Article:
The heavy cost of cars

Posted: 20 February 2003

Two recent reports have highlighted trends in car use and pollution in Europe and the United States. The first is from Z magazine.

In the United States, during the period from 1950 to 1970, the automobile population grew four times faster than the human population. Today, there are around 200 million cars in America.

Contrary to all those car commercials in which you see the automobile being marketed as it cruises along all alone on an open road, Americans spend 8 billion hours per year stuck in traffic.

During the twentieth century, 250 million Americans were maimed or injured in automobile accidents. The leading cause of death for children aged 5 to 14 in New York City is pedestrian automobile accidents. Every day in the United States, an average of 121 people are killed in car accidents.

Automobiles, Sports Utility Vehicles (SUVs), trucks, and other fossil field-burning vehicles kill a million wild animals per week.

During the last century, an area equal to all the arable land in Ohio, Indiana, and Pennsylvania was paved in the United States, which requires maintenance costing over $200 million a day. The surreptitious cost of the car culture, including the military and other costs of ensuring supplies from the Middle East and elsewhere is estimated to be nearly $464 billion a year, the report claims. Automobiles emit one-quarter of US greenhouse gases. The United States. spends $60 billion per year on foreign oil.... eight million barrels of oil per day is combusted in US cars (that's 450 gallons per person per year). Cars create seven billion pounds of un-recycled scrap and waste annually.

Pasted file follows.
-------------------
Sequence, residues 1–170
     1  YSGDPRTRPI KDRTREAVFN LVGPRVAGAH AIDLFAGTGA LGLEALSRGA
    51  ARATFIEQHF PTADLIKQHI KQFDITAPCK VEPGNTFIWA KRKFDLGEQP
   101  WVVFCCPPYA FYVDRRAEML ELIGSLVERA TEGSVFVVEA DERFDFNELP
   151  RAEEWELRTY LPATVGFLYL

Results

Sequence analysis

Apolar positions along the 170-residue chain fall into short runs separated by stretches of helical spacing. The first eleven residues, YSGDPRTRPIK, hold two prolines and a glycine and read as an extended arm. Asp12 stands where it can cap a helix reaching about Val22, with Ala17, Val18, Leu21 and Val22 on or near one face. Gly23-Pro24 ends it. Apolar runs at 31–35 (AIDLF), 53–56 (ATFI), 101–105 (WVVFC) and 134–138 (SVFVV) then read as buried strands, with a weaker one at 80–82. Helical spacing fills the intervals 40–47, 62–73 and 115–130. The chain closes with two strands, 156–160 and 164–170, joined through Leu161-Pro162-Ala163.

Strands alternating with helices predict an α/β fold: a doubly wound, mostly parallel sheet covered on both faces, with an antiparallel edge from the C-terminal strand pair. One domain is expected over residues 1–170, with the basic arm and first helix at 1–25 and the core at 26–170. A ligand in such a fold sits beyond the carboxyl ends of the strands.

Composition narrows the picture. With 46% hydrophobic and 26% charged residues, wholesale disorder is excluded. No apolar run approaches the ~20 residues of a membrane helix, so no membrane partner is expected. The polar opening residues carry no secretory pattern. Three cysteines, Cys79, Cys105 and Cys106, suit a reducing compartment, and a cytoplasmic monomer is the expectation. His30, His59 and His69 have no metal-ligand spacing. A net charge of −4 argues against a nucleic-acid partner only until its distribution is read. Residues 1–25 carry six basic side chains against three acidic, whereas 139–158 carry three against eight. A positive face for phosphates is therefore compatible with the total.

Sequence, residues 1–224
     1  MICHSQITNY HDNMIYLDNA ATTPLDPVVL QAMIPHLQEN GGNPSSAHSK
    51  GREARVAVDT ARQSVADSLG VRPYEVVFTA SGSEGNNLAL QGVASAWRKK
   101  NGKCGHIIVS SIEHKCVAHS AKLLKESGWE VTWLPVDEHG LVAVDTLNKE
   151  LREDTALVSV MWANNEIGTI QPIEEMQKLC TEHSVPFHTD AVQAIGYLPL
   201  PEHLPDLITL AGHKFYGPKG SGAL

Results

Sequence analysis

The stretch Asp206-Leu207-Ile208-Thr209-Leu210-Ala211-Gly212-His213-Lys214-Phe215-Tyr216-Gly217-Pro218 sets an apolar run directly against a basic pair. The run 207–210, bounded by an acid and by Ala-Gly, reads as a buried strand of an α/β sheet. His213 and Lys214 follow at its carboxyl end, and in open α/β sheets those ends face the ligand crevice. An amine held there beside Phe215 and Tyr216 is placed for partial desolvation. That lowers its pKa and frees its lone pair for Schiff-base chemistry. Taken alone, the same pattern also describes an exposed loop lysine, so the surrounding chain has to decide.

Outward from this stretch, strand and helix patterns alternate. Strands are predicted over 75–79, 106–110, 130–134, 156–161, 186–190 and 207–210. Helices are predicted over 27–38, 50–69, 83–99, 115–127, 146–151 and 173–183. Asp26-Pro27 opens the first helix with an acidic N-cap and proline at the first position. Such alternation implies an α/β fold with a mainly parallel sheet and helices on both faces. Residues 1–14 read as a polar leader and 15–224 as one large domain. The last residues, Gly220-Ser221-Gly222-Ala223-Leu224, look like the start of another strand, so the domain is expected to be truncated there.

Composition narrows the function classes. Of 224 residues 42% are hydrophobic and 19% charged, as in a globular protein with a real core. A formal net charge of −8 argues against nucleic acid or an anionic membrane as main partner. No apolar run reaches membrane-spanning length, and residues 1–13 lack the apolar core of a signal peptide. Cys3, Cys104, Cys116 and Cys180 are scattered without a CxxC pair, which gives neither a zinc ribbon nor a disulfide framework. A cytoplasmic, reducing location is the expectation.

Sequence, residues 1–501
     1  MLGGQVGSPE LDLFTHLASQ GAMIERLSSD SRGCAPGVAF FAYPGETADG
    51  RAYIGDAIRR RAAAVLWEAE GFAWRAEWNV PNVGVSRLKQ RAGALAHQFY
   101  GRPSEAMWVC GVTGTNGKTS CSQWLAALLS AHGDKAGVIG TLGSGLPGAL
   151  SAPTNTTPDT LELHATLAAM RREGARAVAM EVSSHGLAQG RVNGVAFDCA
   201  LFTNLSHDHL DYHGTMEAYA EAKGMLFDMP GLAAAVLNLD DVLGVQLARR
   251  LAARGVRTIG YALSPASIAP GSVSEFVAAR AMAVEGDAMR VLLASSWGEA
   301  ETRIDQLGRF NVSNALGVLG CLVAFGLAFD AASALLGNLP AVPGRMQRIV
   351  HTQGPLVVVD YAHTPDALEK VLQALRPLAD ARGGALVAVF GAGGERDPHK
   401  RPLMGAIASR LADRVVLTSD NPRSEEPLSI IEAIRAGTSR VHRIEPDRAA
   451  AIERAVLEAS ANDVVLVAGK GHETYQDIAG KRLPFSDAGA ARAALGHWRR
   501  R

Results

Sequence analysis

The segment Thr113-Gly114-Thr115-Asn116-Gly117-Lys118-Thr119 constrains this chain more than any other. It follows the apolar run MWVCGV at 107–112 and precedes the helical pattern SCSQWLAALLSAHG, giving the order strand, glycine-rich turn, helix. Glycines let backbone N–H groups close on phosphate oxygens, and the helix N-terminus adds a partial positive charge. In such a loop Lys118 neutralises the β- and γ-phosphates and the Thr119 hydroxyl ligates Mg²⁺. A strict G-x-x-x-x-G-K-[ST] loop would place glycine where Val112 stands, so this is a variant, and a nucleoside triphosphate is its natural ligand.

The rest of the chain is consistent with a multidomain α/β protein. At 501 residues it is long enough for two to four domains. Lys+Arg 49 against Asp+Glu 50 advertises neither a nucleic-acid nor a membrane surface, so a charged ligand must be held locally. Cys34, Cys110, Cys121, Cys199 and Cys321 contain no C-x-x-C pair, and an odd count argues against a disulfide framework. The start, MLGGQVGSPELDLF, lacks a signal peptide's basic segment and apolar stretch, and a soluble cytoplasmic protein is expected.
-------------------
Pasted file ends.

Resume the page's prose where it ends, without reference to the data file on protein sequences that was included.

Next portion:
Approximately one billion discarded tyres litter the paved landscape: every tyre loses one pound of rubber per year, spewing minute grains of rubber into the stratosphere and then back down to find a new home in the water supply and human lungs.

During the 40 days of the Gulf War, 146 Americans died keeping the world safe for petroleum while at home, 4900 Americans died in motor vehicle accidents.

A second report, from the European Commission, said that average CO2 emissions from new passenger cars in the EU have dropped by about 10 per cent since 1995. By contrast, average vehicle emissions, including the popular SUVs, in the United States have been rising.

Commenting on the EUs third annual report on the effectiveness of its strategy to reduce C02 emissions from cars, Environmental Commissioner Margot Wallström said: "Our agreements with the car manufacturers are showing results. They make an important contribution to our overall efforts to combat climate change."

The report shows that in the last year, all car manufacturing associations reduced the average specific CO2 emissions of their cars sold on the EU market: ACEA (European Automobile Manufacturers Association ) by about 2.5 per cent, JAMA (Japan Automobile Manufacturers Association ) by about 2.2 per cent and KAMA (Korea Automobile Manufacturers Association ) by about 2.6 per cent. The fuel efficiency improvements for diesel passenger cars are significantly better than those for gasoline vehicles.

Sources: They Paved Paradise by Mickey Z., Z Magazine, January 22, 2003, GBNews and The Gallon Newsletter.